There is no cure for psoriasis, but it can be treated and managed.
Although there is no cure for psoriasis, the condition can be managed by a wide variety of treatment options depending on the severity of your condition.
Each person’s experience of psoriasis is unique to them, and a treatment that works for one person might not be the right treatment for you. Therefore, treating psoriasis can be a frustrating process as it is trial and error to find the right treatment for the severity of your condition.
Most people with psoriasis can be treated by their GP, however, because psoriasis is more than skin deep, we recommend seeking a referral to a dermatologist who may, depending on the severity our the psoriasis, may prescribe more targeted treatment options.
Treatments fall into 3 categories:
- Topicals – creams and ointments applied to the skin.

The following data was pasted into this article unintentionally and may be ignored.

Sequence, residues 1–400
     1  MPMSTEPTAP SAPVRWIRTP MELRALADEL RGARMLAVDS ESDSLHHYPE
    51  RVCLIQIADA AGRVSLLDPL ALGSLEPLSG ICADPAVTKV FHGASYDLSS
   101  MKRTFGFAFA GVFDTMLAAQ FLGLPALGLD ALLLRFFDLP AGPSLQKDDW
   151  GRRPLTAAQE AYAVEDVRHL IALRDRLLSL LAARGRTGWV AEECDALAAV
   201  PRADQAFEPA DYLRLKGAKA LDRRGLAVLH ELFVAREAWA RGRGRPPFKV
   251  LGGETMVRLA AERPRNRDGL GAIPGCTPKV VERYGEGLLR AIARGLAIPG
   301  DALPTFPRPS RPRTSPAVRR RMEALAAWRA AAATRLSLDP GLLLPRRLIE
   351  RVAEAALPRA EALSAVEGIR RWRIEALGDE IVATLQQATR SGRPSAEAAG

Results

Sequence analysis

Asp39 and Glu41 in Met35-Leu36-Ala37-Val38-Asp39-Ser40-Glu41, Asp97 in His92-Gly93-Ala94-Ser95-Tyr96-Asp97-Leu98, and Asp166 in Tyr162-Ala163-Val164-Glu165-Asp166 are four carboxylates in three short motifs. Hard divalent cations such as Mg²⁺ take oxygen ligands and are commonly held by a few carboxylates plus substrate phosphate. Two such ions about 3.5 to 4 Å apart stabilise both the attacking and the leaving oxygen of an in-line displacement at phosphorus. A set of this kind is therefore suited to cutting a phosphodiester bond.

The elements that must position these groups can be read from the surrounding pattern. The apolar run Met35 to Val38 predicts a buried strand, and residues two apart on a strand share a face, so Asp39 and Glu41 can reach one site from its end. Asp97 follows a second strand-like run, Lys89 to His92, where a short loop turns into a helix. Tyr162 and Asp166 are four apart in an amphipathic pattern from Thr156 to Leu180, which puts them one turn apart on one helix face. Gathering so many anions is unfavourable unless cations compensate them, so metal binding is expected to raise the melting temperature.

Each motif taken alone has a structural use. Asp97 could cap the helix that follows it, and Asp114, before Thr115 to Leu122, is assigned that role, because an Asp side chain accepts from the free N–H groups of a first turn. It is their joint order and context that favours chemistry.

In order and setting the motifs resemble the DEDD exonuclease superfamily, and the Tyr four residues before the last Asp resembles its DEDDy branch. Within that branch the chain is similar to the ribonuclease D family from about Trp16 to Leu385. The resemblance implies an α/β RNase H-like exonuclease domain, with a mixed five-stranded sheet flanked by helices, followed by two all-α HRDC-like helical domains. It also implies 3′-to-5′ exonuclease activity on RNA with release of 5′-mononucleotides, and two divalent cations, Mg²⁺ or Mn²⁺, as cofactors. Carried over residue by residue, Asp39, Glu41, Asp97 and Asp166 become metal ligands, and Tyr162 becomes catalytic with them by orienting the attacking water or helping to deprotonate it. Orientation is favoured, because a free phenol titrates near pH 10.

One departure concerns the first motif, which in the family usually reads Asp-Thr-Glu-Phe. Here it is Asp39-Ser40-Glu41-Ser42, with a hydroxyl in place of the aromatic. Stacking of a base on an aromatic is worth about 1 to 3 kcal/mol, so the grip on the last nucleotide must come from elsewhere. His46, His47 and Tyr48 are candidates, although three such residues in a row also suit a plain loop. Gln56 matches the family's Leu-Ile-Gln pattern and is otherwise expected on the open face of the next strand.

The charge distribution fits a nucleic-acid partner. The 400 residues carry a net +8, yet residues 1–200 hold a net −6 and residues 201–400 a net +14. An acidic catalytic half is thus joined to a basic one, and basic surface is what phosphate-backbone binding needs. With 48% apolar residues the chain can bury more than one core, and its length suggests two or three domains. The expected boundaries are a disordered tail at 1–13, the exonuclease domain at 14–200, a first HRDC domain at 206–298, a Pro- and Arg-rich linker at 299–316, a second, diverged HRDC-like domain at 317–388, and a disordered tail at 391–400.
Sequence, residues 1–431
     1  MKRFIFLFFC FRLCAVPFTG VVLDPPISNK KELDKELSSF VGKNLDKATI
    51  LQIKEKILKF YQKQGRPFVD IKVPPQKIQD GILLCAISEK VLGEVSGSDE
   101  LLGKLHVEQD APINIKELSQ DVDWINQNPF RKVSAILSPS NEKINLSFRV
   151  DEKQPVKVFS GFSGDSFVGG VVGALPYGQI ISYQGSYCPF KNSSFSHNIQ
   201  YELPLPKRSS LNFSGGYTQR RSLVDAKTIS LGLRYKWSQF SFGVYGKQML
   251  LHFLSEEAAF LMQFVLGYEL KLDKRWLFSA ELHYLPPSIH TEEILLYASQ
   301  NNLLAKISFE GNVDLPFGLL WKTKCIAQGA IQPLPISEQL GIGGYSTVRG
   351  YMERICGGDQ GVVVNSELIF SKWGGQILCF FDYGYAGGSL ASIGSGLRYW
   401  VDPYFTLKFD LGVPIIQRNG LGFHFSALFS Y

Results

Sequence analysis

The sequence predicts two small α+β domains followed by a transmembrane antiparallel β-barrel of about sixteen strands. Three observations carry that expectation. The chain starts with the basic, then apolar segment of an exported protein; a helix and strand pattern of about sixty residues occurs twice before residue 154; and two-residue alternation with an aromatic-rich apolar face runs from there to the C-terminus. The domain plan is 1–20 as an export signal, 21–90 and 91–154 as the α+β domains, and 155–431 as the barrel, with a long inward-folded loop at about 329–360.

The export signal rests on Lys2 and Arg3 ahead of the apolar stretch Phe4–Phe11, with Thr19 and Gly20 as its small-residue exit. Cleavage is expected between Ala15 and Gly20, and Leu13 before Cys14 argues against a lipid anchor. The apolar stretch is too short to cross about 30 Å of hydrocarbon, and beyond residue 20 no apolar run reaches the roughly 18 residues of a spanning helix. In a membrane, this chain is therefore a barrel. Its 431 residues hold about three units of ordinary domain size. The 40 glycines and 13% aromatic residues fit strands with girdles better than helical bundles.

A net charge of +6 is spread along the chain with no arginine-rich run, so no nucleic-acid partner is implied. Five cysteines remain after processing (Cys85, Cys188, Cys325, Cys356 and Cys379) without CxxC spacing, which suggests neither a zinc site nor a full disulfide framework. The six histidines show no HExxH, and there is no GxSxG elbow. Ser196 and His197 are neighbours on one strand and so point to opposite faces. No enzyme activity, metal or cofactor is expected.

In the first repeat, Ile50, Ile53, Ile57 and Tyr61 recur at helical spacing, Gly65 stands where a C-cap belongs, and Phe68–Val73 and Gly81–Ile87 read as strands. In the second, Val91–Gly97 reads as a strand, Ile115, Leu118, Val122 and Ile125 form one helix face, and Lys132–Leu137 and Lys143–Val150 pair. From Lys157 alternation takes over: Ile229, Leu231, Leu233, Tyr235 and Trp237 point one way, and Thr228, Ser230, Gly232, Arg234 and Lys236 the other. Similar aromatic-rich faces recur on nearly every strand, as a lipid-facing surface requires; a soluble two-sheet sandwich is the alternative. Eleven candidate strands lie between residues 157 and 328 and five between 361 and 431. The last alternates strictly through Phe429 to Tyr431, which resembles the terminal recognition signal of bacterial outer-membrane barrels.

- Phototherapy – the skin is exposed to certain types of ultraviolet light.
- Systemic – oral and injected medications that work throughout the entire body.
Topical treatments are treatments that are applied directly to the skin to assist in slowing down the production of excess skin cells and/or to reduce inflammation. They are commonly provided to patients who are considered to have mild to moderate psoriasis.
They include a wide variety of creams, ointments, gels and lotions. Some are available over-the-counter while others are only available via prescription from your GP or dermatologist.
Phototherapy, or light therapy involves exposing the skin to ultraviolet light – the same UVA and UVB rays the sun gives off naturally – to help slow the production of new skin cells.
Systemic treatments are prescribed by dermatologists for moderate to severe psoriasis that has not responded to the use of topical of phototherapy treatments. They are taken orally or by injection and affect the entire body rather than targeting one area and suppress an over active immune system.
Read more about systemic treatments